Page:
Ski Rocker vs Ski Camber: A Skier's Guide

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Ski Buyer’s Guide Part 3: Ski Materials

Ski Materials

If you’re buying skis, you need to know how materials in the ski’s core affect the ski’s behavior. Here’s your guide.

In Part 1 of this series, we covered how to choose a ski’s waist width based on where you ski most and what kind of terrain you prefer. In Part 2 of this series, we looked at how ski shapes affect performance. Part 3 is all about what’s going on inside the guts of a ski—how its materials, sidewalls, and bases affect its performance.

Greg Hope skiing Gold Hill, Telluride, Colorado


What Kind of Flex Do You Want?

One of the important factors in ski performance is the flex—how stiff or soft the ski feels on the slopes. The appropriate flex depends on your technique, physiology, preferred turn shapes, and taste, but it is ultimately determined by the materials inside the ski.

“Stiffness comes from the ski core profile, it’s width and thickness top to bottom, as well as its materials and its construction, how it’s layered together,” says Bob Gleason, founder of The BootDoctors in Telluride, Colorado, and Taos, New Mexico. “A ski that is longitudinally stiff and torsionally strong drives down the fall line.” The softer the ski, on the other hand, is easier to flex and turn, which is better for lighter or less advanced skiers, for navigating tight terrain, and for a more playful feel.


The main structural material used in skis to control flex is fiberglass, which is basically tiny fibers of glass woven together into a fabric that solidifies when it is combined with epoxy and layered into the ski. The thickness, weave, and layering patterns of the fiberglass help to achieve the desired flex. Ski companies often have their own proprietary fiberglass modification or weave, and each has their own approach to how the fiberglass should be built into the ski.


High-end skis have full wood cores, but the layup and choice of wood creates different feels of a ski—damp, poppy, light or heavy. Many high-performance skis blend tough hardwoods with lower density woods for a strong and poppy feel. “Maple and ash provide snap and durability while enhancing torsional bite and stiffness,” says Gleason. “Aspen is a softer wood that gives a damp feeling and easier flex.” A quick-growing tree like paulownia is used to create a lightweight, user-friendly feel. Balsa and poplar primarily lighten. Learn more about Wagner wood core options in our factory tour video, viewable here.


“Most aggressive male skiers want Titanal for stiffness,” says Preston Klomparens, a member of the Gorsuch Vail hardgoods management team. Titanal is a flexible aluminum alloy that adds torsional strength, edge grip, power and dampness—but it also adds weight. Without this kind of metal, skis are usually softer-flexing and more forgiving. Since a softer ski turns more easily, many women-specific models have no metal, but according to Klomparens, manufacturers can also use lighter grade alloys to control the flex pattern.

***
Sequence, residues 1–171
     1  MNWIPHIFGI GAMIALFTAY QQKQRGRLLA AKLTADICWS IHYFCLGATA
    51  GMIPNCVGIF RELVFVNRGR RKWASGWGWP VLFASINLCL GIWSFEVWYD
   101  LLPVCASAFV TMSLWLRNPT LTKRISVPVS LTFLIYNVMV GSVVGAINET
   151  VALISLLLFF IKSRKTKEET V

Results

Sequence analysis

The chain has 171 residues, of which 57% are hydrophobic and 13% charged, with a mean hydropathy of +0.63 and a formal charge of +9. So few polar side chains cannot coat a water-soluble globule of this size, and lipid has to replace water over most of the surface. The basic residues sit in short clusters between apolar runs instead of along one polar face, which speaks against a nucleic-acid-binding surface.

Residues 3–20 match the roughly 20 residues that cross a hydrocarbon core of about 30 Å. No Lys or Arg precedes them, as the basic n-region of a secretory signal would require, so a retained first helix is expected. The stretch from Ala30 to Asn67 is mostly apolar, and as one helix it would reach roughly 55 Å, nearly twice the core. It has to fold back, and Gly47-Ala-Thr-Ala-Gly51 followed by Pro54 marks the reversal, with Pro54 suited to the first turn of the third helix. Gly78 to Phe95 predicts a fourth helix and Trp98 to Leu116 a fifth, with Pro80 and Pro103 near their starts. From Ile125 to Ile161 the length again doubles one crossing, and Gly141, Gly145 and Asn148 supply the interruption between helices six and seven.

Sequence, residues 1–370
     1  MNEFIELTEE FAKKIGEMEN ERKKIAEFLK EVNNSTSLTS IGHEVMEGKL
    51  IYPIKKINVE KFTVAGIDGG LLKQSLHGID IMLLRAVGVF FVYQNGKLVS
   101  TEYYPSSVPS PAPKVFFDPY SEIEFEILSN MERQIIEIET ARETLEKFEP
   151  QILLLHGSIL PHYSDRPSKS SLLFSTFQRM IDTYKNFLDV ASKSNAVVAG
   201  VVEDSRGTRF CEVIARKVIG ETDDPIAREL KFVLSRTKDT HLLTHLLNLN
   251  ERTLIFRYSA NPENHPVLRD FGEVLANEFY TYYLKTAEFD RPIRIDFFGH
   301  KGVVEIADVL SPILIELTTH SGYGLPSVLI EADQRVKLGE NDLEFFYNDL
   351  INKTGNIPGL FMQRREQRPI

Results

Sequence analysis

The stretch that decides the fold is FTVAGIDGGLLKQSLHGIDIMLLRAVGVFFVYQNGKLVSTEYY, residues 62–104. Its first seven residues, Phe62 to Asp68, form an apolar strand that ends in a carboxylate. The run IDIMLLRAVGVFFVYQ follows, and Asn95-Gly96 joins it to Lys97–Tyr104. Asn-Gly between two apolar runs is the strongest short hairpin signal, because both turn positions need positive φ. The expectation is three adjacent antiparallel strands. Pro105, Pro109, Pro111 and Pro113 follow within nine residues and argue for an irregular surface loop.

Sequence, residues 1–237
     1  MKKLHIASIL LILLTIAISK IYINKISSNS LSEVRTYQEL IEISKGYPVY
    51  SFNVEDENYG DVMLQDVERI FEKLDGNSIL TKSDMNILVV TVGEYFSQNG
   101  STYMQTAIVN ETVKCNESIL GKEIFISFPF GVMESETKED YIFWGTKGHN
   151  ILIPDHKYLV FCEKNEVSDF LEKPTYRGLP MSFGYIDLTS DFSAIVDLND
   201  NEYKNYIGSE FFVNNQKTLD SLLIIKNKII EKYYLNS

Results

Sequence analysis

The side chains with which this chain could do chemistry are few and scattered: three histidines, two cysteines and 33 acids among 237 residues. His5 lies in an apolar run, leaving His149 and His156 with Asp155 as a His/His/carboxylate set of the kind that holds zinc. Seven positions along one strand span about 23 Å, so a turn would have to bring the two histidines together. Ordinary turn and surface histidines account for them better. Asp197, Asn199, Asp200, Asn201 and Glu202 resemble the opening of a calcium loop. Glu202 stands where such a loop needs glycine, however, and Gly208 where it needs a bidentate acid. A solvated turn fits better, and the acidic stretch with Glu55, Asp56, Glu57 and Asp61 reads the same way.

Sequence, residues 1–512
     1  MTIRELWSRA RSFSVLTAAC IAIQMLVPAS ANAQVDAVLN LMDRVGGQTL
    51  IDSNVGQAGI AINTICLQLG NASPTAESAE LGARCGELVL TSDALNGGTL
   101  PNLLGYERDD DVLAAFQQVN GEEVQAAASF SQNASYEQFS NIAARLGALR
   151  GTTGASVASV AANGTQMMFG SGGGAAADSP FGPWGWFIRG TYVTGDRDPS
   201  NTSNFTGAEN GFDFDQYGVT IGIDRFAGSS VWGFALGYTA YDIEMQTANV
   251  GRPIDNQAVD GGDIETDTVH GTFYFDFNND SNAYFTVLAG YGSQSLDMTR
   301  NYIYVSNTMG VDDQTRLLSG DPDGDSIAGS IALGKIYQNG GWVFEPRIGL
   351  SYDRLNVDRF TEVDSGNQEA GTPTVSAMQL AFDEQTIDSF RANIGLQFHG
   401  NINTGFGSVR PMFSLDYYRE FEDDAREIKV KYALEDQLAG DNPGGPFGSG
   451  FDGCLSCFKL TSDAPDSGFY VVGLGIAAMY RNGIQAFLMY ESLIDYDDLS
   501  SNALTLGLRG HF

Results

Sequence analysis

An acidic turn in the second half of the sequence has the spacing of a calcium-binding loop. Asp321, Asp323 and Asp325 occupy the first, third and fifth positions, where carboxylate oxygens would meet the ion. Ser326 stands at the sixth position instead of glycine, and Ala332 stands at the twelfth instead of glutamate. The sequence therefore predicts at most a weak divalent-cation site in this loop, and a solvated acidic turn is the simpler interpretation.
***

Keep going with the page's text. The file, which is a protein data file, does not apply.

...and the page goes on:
A lack of metal doesn’t mean a lack of performance. Materials like carbon and graphene can be used in a variety of ways, depending on the type and placement, but generally they are used for both weight reduction and strength-enhancing properties. A torsion box made of carbon fiber can be soft in one direction yet strong in another, therefore making the ski soft flexing, but stiff torsionally.


Air is used in many different ways in ski design. Air provides suspension (think Nike Air) and can feel damp without adding weight. Part of the lightness of some wood cores, like balsa, comes from microscopic cells of air that the wood shock absorption characteristics, and foam core skis—which contain lots of miniscule air pockets—have a light, compliant quality. Skis can also use air pockets strategically, like air-filled inserts found in some in rockered tips or tails reduce vibration and lessen swing weight. Others engineer voids in the ski that allow for torsional strength while reducing overall weight.



What Kind of Edges and Sidewalls Should You Choose?

Edges are typically made of tough, conventional steel and can be lighter for touring skis or thicker and more compliant for skiers who abuse their edges, like jibbers. On most high-end skis, the edges wrap around the entire length of the ski (a full wrap), while some weight-conscious models have partial wrap (where the edges run along the sidecut).

The sidewall, which runs above the edges, protects the ski and controls the energy going into it. P-tex sidewalls (found in racing skis and many high-end models) add edge grip and torsional stiffness. There is also “cap” sidewall construction, where a composite layer rolls down off the topsheet to cover the sidewalls. This technique lacks the torsional rigidity of sidewall construction, but is lighter (and cheaper). Some powder skis gain light and snappy characteristics by having a half-cap, or combination of P-tex sidewalls underfoot and cap construction in the tip and tail.



What About the Bases?

Not all ski bases are the same. They are all made from the same basic material, P-tex, although there are higher performance formulas that absorb and hold wax better than others, and some P-tex bases are harder than others. “Bases for racing usually have a high graphite content so they glide efficiently and are more porous to retain wax better. A harder base material is more resistant to rock damage,” says Gleason. Look for high grade P-Tex if your main focus is performance, and remember that thicker base materials and edges increase your ski’s durability. Interested in learning more about steel edges and base materials that we use in the Wagner factory? Check out our factory tour here.